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Published 11 December 2013 14:32, Updated 13 December 2013 08:05
Holden’s departure from Australia may be the card that brings the nation’s entire manufacturing house down, according to the University of Sydney Business School’s Dr Stephen Clibborn and Professor Russell Lansbury, who have studied the sector extensively.
“The fallout from the downfall of the automotive industry could be greater than many anticipated,” the two experts said in a statement today. “This could possibly lead to the demise of the remaining manufacturing sector, leaving the Australian economy vulnerable when the mining boom inevitably ends.”
“The world’s car-making landscape has changed dramatically and perhaps Australia’s should too.” they say. “China’s Geely owns Volvo, India’s Tata owns Jaguar and with GM’s departure, it may be time to look beyond American and Japanese companies and think of alternative futures for Australian automotive manufacturing.”
Earlier today, Holden managing director Mike Devereux announced the iconic car maker will be leaving Australia at the end of 2017 following a row with the federal government over subsidies to keep the company here beyond 2020.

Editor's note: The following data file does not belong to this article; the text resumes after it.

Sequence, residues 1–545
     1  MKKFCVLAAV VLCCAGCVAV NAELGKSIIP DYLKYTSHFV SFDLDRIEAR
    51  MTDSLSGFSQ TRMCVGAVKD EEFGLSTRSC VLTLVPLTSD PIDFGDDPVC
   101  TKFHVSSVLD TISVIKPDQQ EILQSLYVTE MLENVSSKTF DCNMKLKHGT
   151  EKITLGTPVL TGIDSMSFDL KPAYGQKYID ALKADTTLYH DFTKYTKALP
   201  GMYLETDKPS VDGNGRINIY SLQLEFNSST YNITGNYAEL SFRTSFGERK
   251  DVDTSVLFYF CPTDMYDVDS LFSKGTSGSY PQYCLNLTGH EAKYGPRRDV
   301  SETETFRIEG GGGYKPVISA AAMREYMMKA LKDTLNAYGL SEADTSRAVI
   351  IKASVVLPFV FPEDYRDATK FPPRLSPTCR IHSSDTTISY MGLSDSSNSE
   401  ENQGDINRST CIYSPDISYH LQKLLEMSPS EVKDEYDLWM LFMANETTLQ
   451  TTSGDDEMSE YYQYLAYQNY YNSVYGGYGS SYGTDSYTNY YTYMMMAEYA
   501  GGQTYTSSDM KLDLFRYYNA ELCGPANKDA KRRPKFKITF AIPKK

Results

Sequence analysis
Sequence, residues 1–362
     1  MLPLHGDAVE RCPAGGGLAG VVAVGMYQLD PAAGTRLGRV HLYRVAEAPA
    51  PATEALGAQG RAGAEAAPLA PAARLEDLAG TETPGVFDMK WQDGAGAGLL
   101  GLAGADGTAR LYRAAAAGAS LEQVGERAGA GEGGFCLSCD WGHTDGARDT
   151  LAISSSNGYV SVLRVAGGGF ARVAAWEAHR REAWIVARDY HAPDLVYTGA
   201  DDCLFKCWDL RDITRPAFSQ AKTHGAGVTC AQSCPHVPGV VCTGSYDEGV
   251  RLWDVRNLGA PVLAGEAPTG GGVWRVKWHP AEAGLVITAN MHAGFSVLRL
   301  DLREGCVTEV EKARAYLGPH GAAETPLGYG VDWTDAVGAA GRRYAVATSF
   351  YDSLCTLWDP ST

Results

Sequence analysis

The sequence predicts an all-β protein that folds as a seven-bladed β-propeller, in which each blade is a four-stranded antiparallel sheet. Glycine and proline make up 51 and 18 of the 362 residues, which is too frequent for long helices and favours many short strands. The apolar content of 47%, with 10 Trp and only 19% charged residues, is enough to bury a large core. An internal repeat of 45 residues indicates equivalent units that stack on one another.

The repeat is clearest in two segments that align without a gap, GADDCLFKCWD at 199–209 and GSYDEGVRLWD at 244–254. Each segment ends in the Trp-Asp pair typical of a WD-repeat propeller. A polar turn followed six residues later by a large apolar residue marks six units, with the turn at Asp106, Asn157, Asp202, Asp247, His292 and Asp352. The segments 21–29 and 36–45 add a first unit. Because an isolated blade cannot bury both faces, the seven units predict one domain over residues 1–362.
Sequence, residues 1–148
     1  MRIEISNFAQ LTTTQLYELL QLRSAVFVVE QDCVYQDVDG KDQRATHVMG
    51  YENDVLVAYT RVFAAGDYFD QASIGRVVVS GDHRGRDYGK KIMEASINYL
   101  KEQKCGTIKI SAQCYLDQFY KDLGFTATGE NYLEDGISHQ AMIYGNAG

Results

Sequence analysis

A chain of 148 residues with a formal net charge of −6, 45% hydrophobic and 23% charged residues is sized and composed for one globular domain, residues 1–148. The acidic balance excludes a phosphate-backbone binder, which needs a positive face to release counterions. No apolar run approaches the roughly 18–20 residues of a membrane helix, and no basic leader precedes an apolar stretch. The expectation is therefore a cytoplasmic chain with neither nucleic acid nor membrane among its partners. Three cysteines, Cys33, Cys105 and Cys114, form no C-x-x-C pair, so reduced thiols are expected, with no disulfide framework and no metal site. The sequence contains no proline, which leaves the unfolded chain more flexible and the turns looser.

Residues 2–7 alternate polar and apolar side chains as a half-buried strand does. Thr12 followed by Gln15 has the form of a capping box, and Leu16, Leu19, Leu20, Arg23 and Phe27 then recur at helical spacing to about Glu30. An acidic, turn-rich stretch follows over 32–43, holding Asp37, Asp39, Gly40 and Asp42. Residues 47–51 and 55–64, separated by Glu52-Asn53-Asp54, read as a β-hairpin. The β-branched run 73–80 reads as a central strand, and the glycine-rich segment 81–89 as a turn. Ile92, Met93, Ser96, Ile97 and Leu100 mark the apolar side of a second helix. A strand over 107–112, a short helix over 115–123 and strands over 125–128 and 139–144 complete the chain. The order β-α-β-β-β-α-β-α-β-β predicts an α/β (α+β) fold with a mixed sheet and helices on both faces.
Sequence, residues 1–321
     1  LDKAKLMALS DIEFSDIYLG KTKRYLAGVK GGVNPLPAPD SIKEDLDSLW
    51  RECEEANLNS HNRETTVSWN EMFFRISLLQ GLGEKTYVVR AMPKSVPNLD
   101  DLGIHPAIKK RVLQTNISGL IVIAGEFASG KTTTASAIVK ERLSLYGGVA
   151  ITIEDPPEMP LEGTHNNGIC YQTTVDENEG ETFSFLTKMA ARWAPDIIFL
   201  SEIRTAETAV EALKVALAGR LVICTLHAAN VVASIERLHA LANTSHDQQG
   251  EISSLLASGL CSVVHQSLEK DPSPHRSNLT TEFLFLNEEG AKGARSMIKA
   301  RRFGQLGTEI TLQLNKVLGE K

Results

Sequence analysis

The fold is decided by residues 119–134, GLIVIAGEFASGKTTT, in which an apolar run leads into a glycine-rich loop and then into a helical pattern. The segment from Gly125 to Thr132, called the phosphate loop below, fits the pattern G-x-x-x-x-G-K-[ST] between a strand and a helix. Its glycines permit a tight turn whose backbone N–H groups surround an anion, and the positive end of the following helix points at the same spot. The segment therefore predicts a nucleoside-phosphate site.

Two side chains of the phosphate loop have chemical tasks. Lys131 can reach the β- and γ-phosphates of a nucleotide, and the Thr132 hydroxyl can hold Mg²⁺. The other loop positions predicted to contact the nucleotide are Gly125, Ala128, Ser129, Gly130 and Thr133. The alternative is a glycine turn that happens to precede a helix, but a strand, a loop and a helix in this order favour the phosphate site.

Mr Devereux made the announcement to workers at Holden’s manufacturing plant in Elizabeth in Adelaide on Wednesday.
“This has been a difficult decision given Holden’s long and proud history of building vehicles in Australia,” Mr Devereux said in a statement.
“We are dedicated to working with our teams, unions and the local communities, along with the federal and state governments, to support our people.”
Deputy Prime Minister Warren Truss told the House of Representatives that Mr Devereux had informed him of the decision this afternoon.
Victorian Premier Denis Napthine told state parliament his government was also advised that it was an “irreversible decision”.